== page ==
The ‘Lose Yourself’ rapper’s collaboration with Rag & Bone includes $95 graphic tees and $250 hoodies
Don’t get mom’s spaghetti on these.
The t-shirts in Eminem’s new Rag & Bone collaboration run $95 a pop, while the hoodies command $250.
The limited edition line from Grammy-winning artist Marshal Mathers, 45 — better known by his stage names Slim Shady and Emimen — becomes available online on July 14 to coincide with the final leg of his “Revival” tour. It includes three different different graphic t-shirts from the designers starting at $95: a white tee with “Eminem” in a black splatter-paint design; a white shirt with his “Lose Yourself” lyric “Success is my only mother f-ckin option, failure’s not,” in black script; and a black tee with “KAMIKAZE” in all caps, referencing his recent single.
The Icon Hoodies– drawn from a signature piece of Eminem’s wardrobe — come in ivory, black and army green, and feature an anvil emblem referencing his Detroit hometown, as well as Eminem’s stylized take on his “313” area code, with the first “3” flipped into a backwards “E.” All of the pieces are made in America.
The collection is so exclusive that each piece will be individually numbered. And in the London pop-up shop launching July 13 at The Sun & 13 Cantons pub to hawk the collection, fans can eat spaghetti and meatballs in a nod to the “8-Mile” star’s “Lose Yourself” lyric about being so nervous before a show, “There’s vomit on his sweater already, mom’s spaghetti.”
“Eminem is a legend. It’s as simple as that. We have spent years working to collaborate with true originals, people who have forged their own path in life,” Rag & Bone’s CEO, founder and creative director Marcus Wainwright wrote on the site. “For me Eminem utterly personifies ‘original.’ Working with him on this project was humbling, inspiring and generally awesome,”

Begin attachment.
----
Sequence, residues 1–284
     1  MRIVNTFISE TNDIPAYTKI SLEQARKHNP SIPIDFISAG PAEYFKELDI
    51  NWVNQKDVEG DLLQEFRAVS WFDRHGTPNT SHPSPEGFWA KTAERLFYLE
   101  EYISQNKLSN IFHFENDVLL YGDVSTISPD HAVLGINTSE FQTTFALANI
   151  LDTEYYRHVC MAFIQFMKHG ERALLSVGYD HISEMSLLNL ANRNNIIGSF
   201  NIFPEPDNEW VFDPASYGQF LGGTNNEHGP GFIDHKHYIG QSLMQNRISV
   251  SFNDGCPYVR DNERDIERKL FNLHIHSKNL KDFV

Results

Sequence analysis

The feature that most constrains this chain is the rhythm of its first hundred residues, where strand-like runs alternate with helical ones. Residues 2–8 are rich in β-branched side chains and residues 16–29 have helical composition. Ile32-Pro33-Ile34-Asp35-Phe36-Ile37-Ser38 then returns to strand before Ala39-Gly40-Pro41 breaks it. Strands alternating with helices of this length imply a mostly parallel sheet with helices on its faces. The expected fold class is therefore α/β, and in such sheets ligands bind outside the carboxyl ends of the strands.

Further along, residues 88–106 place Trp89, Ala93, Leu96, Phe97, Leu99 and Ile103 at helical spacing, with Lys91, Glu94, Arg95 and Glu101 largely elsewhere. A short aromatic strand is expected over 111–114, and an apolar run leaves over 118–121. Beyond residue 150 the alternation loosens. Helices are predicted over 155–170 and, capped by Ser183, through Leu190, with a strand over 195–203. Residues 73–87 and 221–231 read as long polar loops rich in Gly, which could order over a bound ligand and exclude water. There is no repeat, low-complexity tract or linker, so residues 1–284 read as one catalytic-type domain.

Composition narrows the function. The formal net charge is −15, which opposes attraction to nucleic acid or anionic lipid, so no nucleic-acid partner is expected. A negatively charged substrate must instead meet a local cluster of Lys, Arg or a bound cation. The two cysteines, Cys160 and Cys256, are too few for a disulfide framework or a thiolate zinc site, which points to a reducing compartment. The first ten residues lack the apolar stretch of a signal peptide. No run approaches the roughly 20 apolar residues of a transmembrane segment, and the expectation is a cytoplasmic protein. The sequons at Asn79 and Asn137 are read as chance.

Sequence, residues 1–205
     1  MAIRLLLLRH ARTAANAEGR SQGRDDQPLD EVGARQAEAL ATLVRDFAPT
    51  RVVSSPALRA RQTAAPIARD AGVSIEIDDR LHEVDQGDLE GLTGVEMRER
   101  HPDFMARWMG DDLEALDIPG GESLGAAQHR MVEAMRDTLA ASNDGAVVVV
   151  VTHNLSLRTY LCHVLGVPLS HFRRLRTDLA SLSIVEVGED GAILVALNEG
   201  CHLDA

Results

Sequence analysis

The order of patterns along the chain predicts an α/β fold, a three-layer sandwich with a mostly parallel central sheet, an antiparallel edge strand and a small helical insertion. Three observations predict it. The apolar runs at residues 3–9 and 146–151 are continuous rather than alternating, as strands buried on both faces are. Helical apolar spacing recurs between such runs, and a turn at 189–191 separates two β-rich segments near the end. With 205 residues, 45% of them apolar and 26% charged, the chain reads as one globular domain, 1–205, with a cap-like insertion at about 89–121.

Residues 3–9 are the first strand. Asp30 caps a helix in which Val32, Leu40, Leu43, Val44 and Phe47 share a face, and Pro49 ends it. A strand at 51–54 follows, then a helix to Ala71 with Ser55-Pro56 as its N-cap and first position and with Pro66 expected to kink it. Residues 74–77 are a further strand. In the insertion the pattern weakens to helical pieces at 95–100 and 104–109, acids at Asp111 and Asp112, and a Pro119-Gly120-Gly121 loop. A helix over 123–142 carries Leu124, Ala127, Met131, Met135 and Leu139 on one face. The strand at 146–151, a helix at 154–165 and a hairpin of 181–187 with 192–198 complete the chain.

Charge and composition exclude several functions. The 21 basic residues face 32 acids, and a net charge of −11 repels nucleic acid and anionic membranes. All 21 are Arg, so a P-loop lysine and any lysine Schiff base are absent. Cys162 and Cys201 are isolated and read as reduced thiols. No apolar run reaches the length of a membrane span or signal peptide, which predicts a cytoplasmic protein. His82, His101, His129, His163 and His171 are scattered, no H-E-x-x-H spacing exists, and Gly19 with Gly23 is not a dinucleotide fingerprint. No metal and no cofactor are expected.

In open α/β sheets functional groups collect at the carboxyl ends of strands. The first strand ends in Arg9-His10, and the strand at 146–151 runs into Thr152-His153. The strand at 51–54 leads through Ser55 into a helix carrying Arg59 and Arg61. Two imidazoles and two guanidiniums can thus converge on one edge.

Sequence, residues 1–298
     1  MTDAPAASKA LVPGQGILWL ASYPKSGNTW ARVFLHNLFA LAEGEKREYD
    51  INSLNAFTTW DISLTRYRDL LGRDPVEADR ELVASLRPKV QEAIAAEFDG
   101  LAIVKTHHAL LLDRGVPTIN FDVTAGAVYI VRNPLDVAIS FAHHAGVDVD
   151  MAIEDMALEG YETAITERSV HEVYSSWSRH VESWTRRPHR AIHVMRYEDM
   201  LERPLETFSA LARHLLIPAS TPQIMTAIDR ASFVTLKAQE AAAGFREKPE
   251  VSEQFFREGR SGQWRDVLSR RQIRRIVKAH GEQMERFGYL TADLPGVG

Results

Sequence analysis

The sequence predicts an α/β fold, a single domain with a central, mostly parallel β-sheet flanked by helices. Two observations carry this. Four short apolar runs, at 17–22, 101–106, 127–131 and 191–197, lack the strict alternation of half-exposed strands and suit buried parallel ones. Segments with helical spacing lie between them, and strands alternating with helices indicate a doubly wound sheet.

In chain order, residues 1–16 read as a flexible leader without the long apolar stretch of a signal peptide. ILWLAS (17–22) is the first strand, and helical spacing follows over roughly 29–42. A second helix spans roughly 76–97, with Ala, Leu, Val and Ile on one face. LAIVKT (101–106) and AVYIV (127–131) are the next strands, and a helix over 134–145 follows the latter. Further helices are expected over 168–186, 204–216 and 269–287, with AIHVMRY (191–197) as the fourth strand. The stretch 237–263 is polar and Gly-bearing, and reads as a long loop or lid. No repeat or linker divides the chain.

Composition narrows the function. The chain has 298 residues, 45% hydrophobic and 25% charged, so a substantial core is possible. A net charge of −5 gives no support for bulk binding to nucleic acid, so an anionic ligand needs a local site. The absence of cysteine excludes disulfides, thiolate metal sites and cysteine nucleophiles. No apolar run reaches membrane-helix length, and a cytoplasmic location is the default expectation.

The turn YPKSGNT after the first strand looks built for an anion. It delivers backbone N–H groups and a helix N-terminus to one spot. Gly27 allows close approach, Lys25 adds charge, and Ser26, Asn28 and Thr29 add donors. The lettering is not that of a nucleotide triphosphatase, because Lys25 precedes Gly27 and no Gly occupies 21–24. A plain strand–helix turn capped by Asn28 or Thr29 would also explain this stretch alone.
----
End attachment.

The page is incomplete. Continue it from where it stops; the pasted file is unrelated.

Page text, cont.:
Still, these are pretty steep prices for t-shirts and hoodies, especially coming from someone who’s rapped about growing up poor.
Then again, Em is just the latest celebrity turning basic t-shirts into expensive pieces commanding close to three figures. And that’s because consumers are easily star-struck; celebrity endorsements can boost a brand’s sales average by 4%, the Harvard Business School reported in 2012, which corresponds with around $10 million in additional sales annually and a nearly 0.25% increase in stock returns. When Oprah first bought 10% of Weight Watchers’ stock in 2015, after all, she sent the stock up 105% by the time the markets closed that day. (And that was a win for Oprah, too; her initial $43.5 million investment is now worth more than $400 million.) A 2016 NPD Group study found that a celeb’s fans are 50% more likely to buy and use the products that their favorite A-lister does.
Jennifer Lawrence worked a “We Should All Be Feminists” t-shirt for Dior’s Fall 2017 campaign that cost an eye-watering $710, which sold out on the Saks Fifth Avenue website. Dior did donate a portion of the proceeds from each sale to Rihanna’s Clara Lionel Foundation to fund education, health and emergency response programs around the world.
Supermodel Gigi Hadid’s collection with Tommy Hilfiger includes an $80 black crop top with “TOMMY” on the chest (now marked down to $48).
And Kanye West’s plain white A.P. C. t-shirt (with his name subtly silkscreened inside the neckline) sold out instantly in 2014 for a whopping $120 apiece.
On the lower end of the scale, celebrity stylist Karla Welch starting selling a collection of the reworked (translation: intentionally ripped and distressed) white Hanes t-shirts that she has created for Justin Bieber to wear on stage for $30 last summer. While that’s a steal compared to Emimem and Kanye’s collections, keep in mind that a three-pack of the same Hanes tees is $8 on Amazon.
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